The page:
Caravaggio, Giuditta e Oloferne
Caravaggio, Judith and Holofernes (1602; oil on canvas, 145 x 195 cm; Rome, Gallerie Nazionali dArte Antica di Roma, Palazzo Barberini)

But beyond that, from that exceptional loan an exciting art-historical and narrative journey starts and unfolds, among more or less known and seen masterpieces. Among the latter, it is worth mentioning the magnificent Saint John the Baptist by Bartolomeo Manfredi (Ostiano, 1582 - Rome, 1622) from the Louvre. And also from the same museum site, interesting more for historical reasons than for the artifact itself, is Giovanni Baglione ’s (Rome, 1566/1568 - 1643) monochrome sketch of the lost (except for two surviving pieces) Resurrection of Christ from the Gesù Church. A work, the latter, that inflamed an unparalleled rivalry between the Roman painter and Merisi, a biographical (and other) aspect relevant in the more general context of the relations between artists of the time, with the singular presence of the ’master without pupils’ Michelangelo Merisi.

A strong point of the exhibition is the well-researched and value-packed juxtaposition between some works. Such as that between Baglione’s Baptist and Caravaggio’s similar subject in the Capitoline version. Or again between Caravaggio’s Saint Lawrence by Cecco and Merisi’s Saint Francis in Meditation by Cremona. Still by the latter, Genoa’sEcce Homo near the same subject painted by Ludovico Cardi known as il Cigoli recalls an anecdote that would have seen a dispute between the two artists.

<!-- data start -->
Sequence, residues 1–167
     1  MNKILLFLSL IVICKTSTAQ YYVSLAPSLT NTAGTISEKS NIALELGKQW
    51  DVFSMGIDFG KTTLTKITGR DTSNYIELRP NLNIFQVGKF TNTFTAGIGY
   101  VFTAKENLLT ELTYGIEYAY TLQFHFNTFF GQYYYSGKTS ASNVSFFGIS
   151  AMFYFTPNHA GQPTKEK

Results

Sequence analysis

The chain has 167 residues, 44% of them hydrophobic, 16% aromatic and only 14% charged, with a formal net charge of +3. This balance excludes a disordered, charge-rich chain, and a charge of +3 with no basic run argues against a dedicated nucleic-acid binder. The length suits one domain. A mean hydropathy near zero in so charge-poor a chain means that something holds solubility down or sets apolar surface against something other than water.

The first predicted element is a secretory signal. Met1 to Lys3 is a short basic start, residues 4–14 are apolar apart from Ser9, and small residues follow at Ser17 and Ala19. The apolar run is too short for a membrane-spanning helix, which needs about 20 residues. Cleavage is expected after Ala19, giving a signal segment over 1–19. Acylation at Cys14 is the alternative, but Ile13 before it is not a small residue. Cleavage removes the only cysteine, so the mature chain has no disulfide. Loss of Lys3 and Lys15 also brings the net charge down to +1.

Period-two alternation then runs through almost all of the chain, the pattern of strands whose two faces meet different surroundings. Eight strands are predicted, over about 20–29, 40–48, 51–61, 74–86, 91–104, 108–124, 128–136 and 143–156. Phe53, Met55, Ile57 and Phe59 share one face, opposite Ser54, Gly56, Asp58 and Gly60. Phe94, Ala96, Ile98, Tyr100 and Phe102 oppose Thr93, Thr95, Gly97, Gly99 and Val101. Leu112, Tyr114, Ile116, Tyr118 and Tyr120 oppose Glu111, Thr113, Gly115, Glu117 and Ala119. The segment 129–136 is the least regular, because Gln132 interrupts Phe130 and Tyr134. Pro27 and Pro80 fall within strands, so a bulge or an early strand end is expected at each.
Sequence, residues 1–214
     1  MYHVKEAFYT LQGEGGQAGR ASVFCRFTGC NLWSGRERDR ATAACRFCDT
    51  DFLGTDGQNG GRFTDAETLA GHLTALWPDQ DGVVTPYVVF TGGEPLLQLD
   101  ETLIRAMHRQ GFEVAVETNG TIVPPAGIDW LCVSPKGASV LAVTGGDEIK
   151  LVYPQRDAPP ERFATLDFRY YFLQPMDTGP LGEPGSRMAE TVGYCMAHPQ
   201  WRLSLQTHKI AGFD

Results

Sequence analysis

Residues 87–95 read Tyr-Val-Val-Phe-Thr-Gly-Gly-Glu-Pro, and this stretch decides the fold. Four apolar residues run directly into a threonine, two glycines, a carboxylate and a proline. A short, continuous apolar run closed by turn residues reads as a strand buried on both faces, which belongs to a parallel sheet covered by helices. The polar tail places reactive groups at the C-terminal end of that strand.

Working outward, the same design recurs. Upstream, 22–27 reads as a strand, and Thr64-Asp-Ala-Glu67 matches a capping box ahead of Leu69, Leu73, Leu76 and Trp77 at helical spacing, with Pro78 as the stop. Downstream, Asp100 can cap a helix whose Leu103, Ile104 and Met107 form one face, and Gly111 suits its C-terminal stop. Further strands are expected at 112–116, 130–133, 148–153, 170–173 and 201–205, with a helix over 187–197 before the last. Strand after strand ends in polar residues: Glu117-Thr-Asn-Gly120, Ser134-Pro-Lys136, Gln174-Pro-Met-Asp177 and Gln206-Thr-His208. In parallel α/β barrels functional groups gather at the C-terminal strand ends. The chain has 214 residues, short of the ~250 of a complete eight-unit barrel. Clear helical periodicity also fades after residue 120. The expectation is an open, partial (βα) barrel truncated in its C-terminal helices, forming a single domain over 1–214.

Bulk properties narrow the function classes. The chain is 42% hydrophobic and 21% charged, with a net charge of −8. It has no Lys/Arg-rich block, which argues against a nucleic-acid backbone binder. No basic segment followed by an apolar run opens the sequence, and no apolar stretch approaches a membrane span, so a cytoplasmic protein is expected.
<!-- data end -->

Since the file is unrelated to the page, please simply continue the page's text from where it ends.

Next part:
Bartolomeo Manfredi, San Giovanni Battista (1613-1615; olio su tela, 148 x 114 cm; Parigi, Louvre). Foto di René-Gabriel Ojéda
Bartolomeo Manfredi, Saint John the Baptist (1613-1615; oil on canvas, 148 x 114 cm; Paris, Louvre). Photo by René-Gabriel Ojéda
Caravaggio, San Giovanni Battista (1602; olio su tela, 129 x 94 cm; Roma, Musei Capitolini, Pinacoteca Capitolina)
Caravaggio, Saint John the Baptist (1602; oil on canvas, 129 x 94 cm; Rome, Capitoline Museums, Pinacoteca Capitolina)

Giovanni Baglione, La resurrezione di Cristo (1601-1603; olio su tela, 86 x 57 cm; Parigi, Louvre)
Giovanni Baglione, The Resurrection of Christ (1601-1603; oil on canvas, 86 x 57 cm; Paris, Louvre)

But over all, the comparison that alone is worth the visit is the one between the two debated Magdalene in Ecstasy: the already known version formerly in the Klain collection, and the one recognized in 2014 by Mina Gregori at a private Dutch dealer. Two pictorial texts on which the connoisseur’s eye is finally exercised jointly (so far, outside its Swiss vault, the new canvas has only been seen in Tokyo). The critical debate is open, all the more so since, individually, the catalog essentially takes no position, although to finish the exhibition somewhat credits both editors (and so the number of Caravaggios featured reaches the remarkable round number of twenty). So far, in scholarly circles, very few have come to oppose Gregori’s attributive hypothesis. And it does not help in the face of such hesitation the failure to reproduce an ancient tag that would assign the canvas to Merisi, specifying in a few lines, precisely in addition to the author, subject, coeval location and ultimate recipient (name and city).